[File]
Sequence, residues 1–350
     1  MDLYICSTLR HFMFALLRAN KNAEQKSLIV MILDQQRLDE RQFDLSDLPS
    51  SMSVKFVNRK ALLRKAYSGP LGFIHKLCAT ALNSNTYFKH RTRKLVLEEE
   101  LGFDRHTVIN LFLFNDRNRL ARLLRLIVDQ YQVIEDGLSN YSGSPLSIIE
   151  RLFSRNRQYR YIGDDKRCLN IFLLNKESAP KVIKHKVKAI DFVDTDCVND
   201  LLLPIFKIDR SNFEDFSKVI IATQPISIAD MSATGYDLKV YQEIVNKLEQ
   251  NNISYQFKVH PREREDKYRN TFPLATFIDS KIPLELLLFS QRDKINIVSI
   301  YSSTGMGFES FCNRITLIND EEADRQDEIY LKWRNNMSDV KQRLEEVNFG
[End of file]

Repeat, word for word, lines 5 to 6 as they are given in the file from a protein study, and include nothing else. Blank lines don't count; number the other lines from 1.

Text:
   151  RLFSRNRQYR YIGDDKRCLN IFLLNKESAP KVIKHKVKAI DFVDTDCVND
   201  LLLPIFKIDR SNFEDFSKVI IATQPISIAD MSATGYDLKV YQEIVNKLEQ